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Mighty Putty

  1. Jun 28, 2008 #1


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    Now, I can believe this epoxy could be useful for some of the applications shown, like reattaching broken cup handles, or as a wood filler. But, some of the claims seem pretty outrageous, like the one where they put a big glob connecting two chains together to haul a tractor trailer (even if the trailer is empty), or they use it to replace the links of a chain. I'm suspicious that they haven't simply used it to conceal the chain still fully attached. Being a good adhesive for a ceramic cup handle is different than performing as well as steel chain for heavy strains.
    Last edited by a moderator: Apr 23, 2017 at 1:50 PM
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  3. Jun 28, 2008 #2
    I love how in the commercials their hands stay clean after kneading... which is impossible! A friend of mine bought some and I had the chance to play with a little bit of it. It reminds me of JB Weld or any of the other 'cold weld' putty.

    To me, it doesn't seem as tough as JB Weld. I definitely wouldn't trust it to hold a chain link together for any high stress situation.
  4. Jun 28, 2008 #3


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    Well, that addresses the other question I didn't ask...for what it actually can do, is it really worth the cost compared to less expensive, similar products available at the local hardware store? Sounds like the answer is "no."
  5. Jun 28, 2008 #4


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    When I saw them use it on brick to hold up shelves I was wondering about that. Brick is porous, it gets damp, the brick would have to be cleaned thoroughly and sealed for this to work like they showed, woudn't it?
  6. Jun 29, 2008 #5


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    Actually, I was thinking the porosity of the brick would help with adhesion (yes, it would have to be dry brick, not a location frequently getting wet), as with the broken ends of things like ceramic mugs. It's the smooth surfaces I wonder about.

    The other thing I started wondering...the way it's shown in the ads, it seems to have both parts of the epoxy already in the tube, the inner white part and the outer green part. Is there something between the two layers to prevent them from reacting before you want them to? Or would you eventually have a lot go to waste as it slowly reacted from the outside in?
  7. Jun 29, 2008 #6
    So. Hrm. You're so curious about this product because you have a tractor trailer that needs hauling? :biggrin:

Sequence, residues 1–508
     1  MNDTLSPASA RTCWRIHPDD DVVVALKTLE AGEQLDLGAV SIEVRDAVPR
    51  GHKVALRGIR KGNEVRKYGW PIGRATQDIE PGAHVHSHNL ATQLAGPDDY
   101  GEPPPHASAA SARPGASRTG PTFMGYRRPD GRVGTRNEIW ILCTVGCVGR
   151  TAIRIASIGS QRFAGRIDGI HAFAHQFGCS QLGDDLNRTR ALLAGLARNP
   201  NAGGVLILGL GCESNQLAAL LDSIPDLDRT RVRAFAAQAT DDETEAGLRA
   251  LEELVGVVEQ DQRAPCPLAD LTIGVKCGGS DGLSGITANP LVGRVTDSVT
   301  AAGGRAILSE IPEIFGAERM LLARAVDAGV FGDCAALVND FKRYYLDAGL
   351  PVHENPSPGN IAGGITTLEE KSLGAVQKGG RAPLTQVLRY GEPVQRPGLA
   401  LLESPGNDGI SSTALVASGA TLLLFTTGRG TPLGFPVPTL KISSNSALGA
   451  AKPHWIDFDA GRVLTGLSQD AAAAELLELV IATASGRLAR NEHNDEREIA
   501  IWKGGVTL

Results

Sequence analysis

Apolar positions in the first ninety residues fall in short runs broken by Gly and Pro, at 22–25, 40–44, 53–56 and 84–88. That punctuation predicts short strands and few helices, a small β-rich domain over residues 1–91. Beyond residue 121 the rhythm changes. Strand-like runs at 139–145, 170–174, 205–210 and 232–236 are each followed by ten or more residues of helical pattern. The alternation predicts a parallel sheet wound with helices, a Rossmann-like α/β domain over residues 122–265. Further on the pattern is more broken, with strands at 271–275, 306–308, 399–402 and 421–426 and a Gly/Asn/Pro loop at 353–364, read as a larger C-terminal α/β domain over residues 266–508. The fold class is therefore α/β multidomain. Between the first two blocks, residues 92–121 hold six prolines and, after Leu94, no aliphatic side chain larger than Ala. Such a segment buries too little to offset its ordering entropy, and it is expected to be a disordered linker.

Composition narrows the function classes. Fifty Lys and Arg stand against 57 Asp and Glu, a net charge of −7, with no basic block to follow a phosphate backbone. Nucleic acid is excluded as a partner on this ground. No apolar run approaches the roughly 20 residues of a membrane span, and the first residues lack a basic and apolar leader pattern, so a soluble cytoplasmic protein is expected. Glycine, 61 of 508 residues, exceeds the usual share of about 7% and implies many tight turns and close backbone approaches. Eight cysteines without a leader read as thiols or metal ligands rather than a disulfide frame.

Edit: Oh now I get it! I just saw the thread posting section. Under control now. I'll behave. Promise.
    Last edited: Jun 29, 2008
  8. Jun 30, 2008 #7
    Yeah you definitely have to clean the surface first. It actually advises to on the instructions. Like Moonbear said it should hold to brick fairly well due to it being porous. Probably the same with cinder blocks too. If the brick get damp that could definitely cause to separate over time.

    As for what keeps is from hardening while not being used, I think it's due to whatever that they're using that's reacting (white and green stuff) has to be mixed together VERY well to work worth a flip. After a minute of kneading, it begins to get warm to the touch and starts to put off a funky odor. For small nickel-sized pieces you have to knead for a good... three minutes or so.
  9. Jul 9, 2008 #8
    The pipe, shovel handle, drinking glass, gutter… a nice piece of duct tape could take care of all of those things. And the table leg!!!! If that stuff can pull an 80,000 pound truck why would you use it to fill a crack in wood? Wood filler? They make that right?

    I did notice that the force of the truck was applied as a sheer to the two plates. The plates and putty had a lot of surface area, and if you didn’t hit it with anything dynamic as you pulled it… Still, that is pretty amazing!! Why then didn’t they do anything else amazing for the ad? Need I bring up the table leg again?
  10. Oct 6, 2008 #9

    ok... here's what you do, go buy this mighty putty, read over the package VERY CLEARLY nos go make a chain with it and pull your trailer up a hill, if it breaks and the tractor goes flying down a hill, sue the creators :) not serious btw.

    I myself don't think that this is possible, a trailer weighs alot, a little bit of this ceramic looking cement could not hold it to your car.
    Last edited by a moderator: Apr 23, 2017 at 4:14 PM
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